The argument of the bishops goes on that their morals will compromised if their “catholic” adoption agencies are forced to place children with gay couples or cohabiting couples. I noticed that the bishops link gay couples with couples that seem like they are living in sin. Sinister bishops!

I have no problem with the Catholic Church if it needs to turn down federal money for their agencies if their moral ideals are offended. They can even close those adoption services. If the church wants to keep them open and preserve their faith ideals, let them do it with their own money. This is America not some Roman Catholic Fiefdom.

There was something that did impress me this weekend. It is the resiliency of the Catholic people. I observed lots of things today. I saw devotion. I saw it in the old people and the young people. There was a healthy vibrancy. Yet I knew I was sitting with a parish community like most other Catholic communities that have had to have seen and perhaps even been involved in the sexual abuse crisis. Now they are suffering through the clergy shortage crisis. I suspect this parish while resilient in many ways has been decimated.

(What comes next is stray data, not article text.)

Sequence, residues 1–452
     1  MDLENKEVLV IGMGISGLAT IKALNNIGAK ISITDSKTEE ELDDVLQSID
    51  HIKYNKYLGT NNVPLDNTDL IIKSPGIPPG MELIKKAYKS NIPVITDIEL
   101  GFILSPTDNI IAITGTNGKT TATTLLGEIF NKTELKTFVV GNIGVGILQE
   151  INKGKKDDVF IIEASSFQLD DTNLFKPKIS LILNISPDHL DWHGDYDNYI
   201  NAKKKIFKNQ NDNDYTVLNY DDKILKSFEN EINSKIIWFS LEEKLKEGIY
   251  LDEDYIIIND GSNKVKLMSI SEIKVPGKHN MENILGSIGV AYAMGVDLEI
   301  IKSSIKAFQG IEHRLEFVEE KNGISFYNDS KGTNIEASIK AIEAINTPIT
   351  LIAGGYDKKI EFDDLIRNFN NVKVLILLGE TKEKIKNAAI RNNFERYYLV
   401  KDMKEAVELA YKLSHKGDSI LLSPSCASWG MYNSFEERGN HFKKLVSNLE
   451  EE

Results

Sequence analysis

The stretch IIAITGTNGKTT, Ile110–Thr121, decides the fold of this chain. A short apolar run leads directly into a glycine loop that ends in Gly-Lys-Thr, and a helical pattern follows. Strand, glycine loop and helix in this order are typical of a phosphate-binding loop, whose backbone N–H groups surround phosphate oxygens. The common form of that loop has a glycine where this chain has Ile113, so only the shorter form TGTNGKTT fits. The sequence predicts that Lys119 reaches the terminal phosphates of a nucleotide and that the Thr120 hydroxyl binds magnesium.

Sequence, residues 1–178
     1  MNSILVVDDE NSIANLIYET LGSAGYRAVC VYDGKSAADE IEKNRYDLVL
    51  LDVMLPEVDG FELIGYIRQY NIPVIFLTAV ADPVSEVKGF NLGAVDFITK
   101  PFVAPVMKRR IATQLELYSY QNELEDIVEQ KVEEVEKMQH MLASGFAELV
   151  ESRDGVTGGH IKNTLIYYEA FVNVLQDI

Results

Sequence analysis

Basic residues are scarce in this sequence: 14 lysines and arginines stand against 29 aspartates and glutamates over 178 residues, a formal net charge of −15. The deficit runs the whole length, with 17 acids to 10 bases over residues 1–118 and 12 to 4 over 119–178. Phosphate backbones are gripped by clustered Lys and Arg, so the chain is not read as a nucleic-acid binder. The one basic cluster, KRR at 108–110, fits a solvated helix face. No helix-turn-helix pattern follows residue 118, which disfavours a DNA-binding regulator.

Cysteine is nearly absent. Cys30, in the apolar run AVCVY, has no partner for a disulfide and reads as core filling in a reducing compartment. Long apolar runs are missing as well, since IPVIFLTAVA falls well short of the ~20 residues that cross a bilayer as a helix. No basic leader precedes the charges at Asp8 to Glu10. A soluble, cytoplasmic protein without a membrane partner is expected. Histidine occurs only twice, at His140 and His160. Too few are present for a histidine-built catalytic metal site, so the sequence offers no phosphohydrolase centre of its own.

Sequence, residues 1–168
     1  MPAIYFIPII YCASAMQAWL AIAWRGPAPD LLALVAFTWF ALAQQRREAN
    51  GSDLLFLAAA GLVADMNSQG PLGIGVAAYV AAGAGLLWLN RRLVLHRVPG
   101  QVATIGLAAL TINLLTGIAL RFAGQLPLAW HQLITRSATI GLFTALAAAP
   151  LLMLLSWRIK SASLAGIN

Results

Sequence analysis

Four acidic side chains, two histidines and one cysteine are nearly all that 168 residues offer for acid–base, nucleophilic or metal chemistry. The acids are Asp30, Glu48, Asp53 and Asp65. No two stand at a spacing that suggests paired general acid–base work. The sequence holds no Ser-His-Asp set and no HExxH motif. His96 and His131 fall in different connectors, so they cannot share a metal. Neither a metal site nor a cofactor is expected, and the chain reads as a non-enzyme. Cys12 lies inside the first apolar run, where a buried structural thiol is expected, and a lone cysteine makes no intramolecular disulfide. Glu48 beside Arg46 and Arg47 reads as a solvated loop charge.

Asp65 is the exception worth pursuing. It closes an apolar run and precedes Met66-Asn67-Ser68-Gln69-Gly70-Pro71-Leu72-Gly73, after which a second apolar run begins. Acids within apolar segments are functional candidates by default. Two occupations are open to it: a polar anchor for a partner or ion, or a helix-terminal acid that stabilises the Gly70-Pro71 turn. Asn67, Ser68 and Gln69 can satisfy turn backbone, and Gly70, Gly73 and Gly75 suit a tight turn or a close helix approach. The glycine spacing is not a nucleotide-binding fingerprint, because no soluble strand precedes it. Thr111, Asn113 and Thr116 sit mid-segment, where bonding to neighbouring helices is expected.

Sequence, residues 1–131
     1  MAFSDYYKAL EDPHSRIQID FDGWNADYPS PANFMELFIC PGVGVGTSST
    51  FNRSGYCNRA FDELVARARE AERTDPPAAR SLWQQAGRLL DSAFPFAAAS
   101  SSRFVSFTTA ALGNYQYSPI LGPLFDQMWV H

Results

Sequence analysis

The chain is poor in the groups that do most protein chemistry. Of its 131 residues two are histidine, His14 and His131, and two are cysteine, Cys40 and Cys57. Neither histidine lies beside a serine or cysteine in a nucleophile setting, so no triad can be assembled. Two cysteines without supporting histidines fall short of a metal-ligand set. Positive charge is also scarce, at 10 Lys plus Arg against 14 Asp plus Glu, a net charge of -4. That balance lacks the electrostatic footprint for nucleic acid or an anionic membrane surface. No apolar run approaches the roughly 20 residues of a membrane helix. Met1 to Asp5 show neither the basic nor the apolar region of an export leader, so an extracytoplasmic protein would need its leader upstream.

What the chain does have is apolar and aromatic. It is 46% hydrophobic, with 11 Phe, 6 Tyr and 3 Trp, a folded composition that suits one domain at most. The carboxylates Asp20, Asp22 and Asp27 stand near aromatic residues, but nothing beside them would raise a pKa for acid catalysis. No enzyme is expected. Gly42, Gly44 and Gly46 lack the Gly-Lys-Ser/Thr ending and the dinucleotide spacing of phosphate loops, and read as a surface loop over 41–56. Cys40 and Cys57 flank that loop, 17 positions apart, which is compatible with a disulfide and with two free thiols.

Over the weekend I grew to like this place. I did not throw any kind of tantrum. When we prayed for married couples, I prayed quietly for the some of the gay married couples I know. I trust that the even the all powerful bishops can’t block sincere prayers. I was able to share something of myself over the weekend; and while I might be presumptuous, I like to think these folks, if they really knew more about me would not throw me out or deny my religious freedom. 

Sunday, June 16, 2013

My Fathers' Day Gift To Myself

Thanks to Bill Lindsey's blog Bilgrimage I was put on to this story today by New York Times opinion writer Frank Bruni. 

Bill Lindsey's comments on Frank Bruni's Column

It always takes me awhile to get up to speed. I guess I have been reading Frank Bruni's writing in the New York Times for a good while and ignorant of the fact that he is a gay man.

Bruni Talks About RC Hate and  Sexual Ignorance Toward the GLBTQ Community - Link to Frank Bruni's Column

Because of his informative and timely piece today in the New York Times, I am adding Frank Bruni's blog to the blogs I follow.

I have some thoughts on why the Catholic Church is so violently opposed to gay marriage. The one that has been on my mind lately is that if gay marriage continues to be accepted by society, it will completely undermine and demolish the present sexual theology the church has advanced for years. That is, it is still grievously (mortal) sinful for any sexual thoughts to be entertained, or actions committed by even straight folks unless you are married. Dolan's model is two gay men can be friends, but no amorous looks, thoughts, or feelings. I guess for Dolan two gay guys could go watch the New York Yankees play baseball and maybe sit together. I like Sister Jeannine Gramick's characterization of this as: "It's like saying, 'You're a bird, but you can't fly.'"